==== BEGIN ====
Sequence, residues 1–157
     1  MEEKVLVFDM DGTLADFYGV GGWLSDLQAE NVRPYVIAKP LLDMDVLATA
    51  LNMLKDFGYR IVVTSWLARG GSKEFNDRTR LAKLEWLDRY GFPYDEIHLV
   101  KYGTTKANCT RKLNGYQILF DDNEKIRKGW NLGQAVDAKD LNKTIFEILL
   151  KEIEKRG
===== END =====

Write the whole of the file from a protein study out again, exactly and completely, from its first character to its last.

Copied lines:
Sequence, residues 1–157
     1  MEEKVLVFDM DGTLADFYGV GGWLSDLQAE NVRPYVIAKP LLDMDVLATA
    51  LNMLKDFGYR IVVTSWLARG GSKEFNDRTR LAKLEWLDRY GFPYDEIHLV
   101  KYGTTKANCT RKLNGYQILF DDNEKIRKGW NLGQAVDAKD LNKTIFEILL
   151  KEIEKRG